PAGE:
Handel’s Messiah, presented by the Santa Barbara Choral Society. At the First Presbyterian Church, Saturday, December 2.
Reviewed by James Hanley Donelan
The crowd on the altar was exceptionally large: one conductor, four soloists, about 30 instrumentalists, and 90 members of the choir, all clad in black. Above and behind them, a Christmas tree with white lights reminded us we were here for the most popular of all oratorios — Handel’s Messiah. When Maestra Jo Anne Wasserman lifted her baton, our spirits rose in response. In troubled times, it’s a pleasure to hear all those voices assure us that all could be “Wonderful! Marvelous!” and right with the world.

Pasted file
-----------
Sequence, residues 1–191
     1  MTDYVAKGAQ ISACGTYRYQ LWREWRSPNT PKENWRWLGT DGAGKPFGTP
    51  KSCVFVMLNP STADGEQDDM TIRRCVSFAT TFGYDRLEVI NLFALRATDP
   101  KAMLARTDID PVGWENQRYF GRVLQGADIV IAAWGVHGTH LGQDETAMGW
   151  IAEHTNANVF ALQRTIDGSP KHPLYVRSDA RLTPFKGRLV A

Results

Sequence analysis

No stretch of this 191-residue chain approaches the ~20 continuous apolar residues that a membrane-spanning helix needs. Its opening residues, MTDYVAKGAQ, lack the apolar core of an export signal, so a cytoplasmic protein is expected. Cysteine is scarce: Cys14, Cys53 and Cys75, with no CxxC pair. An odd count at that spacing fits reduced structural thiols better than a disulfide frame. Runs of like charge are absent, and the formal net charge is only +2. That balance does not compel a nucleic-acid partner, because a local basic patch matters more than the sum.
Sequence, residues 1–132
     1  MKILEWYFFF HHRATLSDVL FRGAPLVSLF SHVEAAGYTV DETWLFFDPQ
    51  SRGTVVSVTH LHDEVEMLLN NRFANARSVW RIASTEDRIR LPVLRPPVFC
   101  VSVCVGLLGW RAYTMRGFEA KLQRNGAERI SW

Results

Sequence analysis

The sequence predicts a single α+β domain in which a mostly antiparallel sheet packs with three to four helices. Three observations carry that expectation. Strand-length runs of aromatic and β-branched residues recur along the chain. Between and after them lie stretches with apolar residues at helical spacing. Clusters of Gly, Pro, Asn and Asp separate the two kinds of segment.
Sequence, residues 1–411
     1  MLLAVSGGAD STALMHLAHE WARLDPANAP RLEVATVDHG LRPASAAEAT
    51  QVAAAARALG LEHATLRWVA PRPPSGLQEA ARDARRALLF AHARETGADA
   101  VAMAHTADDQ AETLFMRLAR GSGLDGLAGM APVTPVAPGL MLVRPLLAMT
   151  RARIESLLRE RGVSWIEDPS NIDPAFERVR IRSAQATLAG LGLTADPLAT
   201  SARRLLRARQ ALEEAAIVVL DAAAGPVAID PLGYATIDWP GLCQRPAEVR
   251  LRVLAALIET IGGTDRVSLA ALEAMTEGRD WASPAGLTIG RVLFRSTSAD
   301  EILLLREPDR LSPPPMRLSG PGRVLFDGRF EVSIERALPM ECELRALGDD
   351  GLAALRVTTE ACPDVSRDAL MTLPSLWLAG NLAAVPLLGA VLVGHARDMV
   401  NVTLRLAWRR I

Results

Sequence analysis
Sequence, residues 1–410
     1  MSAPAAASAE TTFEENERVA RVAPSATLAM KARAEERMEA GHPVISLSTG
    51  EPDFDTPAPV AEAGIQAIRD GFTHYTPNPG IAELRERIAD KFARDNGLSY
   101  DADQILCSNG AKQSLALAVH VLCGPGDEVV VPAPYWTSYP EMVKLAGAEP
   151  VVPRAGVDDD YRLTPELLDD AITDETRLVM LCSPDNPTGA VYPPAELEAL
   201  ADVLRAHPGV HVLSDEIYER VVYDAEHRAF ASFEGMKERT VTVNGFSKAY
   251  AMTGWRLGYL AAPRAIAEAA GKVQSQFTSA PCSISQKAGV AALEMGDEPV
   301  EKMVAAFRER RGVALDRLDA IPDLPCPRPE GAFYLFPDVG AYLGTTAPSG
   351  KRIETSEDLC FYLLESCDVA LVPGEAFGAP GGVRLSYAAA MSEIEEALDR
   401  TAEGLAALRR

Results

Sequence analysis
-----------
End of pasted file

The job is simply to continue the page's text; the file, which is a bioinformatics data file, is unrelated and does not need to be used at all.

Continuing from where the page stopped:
Four professional soloists — soprano Deborah Mayhan, alto Tihana Herceg, tenor Jonathan Mack, and bass Ron Li-Paz — gave clear, vivid renderings of the work’s many recitatives and airs, often with dramatic flair and glorious color. But Handel gave the choir the real show-stoppers: They sang “For unto Us a Child Is Born” and the “Hallelujah Chorus.” We all stood for the “Hallelujah,” as countless audiences have done in the past, although no one is exactly sure how the tradition began. (The story about the king is almost surely apocryphal.) It was still fun to stand up, and some people sang along. Tradition allows that, too, but not everyone did.
Most of us were too busy listening to the music coming from the altar. As always, Handel’s sense of balance and symmetry was as solid as a Georgian mansion. Herceg’s performance of “O Thou That Tellest Good Tidings to Zion,” for instance, led so gracefully into the choir’s annunciation that our burdens were lifted off our shoulders and into the clear, starry sky outside. Later, when Mack told us “Thou Shalt Break Them,” the bonds of earthly suffering really did seem to break. For a moment, we glimpsed the best of all possible worlds.